The OECD Interim Economic Outlook: Stronger collective fiscal policy needed

12-04-2016

According to the 2016 Interim Economic Outlook of the Organisation for Economic Co operation and Development (OECD), global GDP growth this year is projected to be the slowest in five years. The OECD has lowered its real GDP growth forecast for the euro area for 2016 from 1.8% to 1.4%, and for 2017 from 1.9% to 1.7%. While low inflation and prices are discouraging commodity exporters, low investment and demand have led to stagnation, stifling wage and employment developments. The OECD recommends a stronger collective policy response in order to strengthen demand. While the impetus for structural reform has slowed in many countries, contractionary fiscal policy has gained new momentum. Monetary policy alone is considered to be insufficient. A sustainable mix of structural, monetary and fiscal policy measures must be deployed in order to boost GDP growth and counter deflationary tendencies. The policy mix, however, varies from country to country, as countries are being affected in different ways by the international economic crisis.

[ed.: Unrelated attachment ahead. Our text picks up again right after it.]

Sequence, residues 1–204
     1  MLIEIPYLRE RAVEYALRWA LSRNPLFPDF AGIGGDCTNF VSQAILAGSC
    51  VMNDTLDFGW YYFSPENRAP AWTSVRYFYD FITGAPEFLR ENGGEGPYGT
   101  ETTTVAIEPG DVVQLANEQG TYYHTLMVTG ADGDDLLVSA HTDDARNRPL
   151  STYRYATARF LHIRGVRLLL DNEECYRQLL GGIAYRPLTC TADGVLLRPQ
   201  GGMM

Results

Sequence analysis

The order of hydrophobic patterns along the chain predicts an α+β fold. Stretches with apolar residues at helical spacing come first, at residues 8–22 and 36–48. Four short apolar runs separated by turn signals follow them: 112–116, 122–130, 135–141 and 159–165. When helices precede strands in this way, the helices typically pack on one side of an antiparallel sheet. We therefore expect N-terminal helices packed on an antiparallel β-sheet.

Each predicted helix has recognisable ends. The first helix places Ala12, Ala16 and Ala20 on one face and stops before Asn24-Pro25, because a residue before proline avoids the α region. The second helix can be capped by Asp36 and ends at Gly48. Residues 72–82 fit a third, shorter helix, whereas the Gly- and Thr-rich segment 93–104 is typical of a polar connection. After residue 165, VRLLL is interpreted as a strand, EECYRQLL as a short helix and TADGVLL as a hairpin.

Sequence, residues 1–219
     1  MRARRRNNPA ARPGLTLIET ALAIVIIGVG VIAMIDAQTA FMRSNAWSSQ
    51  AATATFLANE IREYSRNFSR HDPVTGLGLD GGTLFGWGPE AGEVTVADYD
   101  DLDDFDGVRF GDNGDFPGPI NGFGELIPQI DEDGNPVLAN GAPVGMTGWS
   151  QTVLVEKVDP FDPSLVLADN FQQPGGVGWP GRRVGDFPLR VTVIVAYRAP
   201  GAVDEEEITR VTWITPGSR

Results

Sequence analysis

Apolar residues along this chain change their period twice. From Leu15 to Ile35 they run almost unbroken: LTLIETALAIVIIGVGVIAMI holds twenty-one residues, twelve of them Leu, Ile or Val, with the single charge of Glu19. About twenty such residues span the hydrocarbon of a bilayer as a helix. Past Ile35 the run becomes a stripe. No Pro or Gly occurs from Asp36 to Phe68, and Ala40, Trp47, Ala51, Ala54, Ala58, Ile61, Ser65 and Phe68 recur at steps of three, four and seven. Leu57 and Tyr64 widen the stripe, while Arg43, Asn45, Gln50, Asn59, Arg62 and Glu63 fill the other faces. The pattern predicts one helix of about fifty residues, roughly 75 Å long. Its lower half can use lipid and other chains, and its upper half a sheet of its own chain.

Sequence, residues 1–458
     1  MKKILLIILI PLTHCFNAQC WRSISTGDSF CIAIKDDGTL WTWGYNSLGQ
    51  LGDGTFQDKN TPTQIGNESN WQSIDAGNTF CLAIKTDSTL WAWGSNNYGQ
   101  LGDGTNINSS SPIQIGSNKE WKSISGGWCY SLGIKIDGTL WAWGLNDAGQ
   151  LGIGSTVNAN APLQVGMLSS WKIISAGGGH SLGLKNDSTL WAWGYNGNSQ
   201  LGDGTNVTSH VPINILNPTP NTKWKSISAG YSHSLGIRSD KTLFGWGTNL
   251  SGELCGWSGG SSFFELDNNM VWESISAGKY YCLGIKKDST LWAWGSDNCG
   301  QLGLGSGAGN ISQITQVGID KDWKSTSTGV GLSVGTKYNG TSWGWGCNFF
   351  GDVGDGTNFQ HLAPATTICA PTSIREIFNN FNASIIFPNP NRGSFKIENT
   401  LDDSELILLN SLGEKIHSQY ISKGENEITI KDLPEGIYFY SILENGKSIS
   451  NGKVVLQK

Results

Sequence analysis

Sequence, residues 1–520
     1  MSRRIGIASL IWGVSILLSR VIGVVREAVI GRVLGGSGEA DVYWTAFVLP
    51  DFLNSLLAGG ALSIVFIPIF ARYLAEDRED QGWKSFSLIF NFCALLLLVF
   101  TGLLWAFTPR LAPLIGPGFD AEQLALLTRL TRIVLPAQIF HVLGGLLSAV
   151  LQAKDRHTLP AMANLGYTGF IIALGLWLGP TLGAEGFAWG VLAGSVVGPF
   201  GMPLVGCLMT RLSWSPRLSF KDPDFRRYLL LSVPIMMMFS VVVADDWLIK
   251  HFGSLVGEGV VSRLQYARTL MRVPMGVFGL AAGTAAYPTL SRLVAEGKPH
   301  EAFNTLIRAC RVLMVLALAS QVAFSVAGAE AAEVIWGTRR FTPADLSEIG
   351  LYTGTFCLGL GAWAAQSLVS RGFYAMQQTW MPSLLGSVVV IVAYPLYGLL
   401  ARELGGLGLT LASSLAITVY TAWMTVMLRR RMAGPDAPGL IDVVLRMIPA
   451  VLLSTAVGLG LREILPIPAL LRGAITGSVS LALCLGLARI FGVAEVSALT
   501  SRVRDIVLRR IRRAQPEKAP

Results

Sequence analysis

According to the 2016 Interim Economic Outlook of the Organisation for Economic Co operation and Development (OECD), global GDP growth this year is projected to be the slowest in five years. The OECD has lowered its real GDP growth forecast for the euro area for 2016 from 1.8% to 1.4%, and for 2017 from 1.9% to 1.7%. While low inflation and prices are discouraging commodity exporters, low investment and demand have led to stagnation, stifling wage and employment developments. The OECD recommends a stronger collective policy response in order to strengthen demand. While the impetus for structural reform has slowed in many countries, contractionary fiscal policy has gained new momentum. Monetary policy alone is considered to be insufficient. A sustainable mix of structural, monetary and fiscal policy measures must be deployed in order to boost GDP growth and counter deflationary tendencies. The policy mix, however, varies from country to country, as countries are being affected in different ways by the international economic crisis.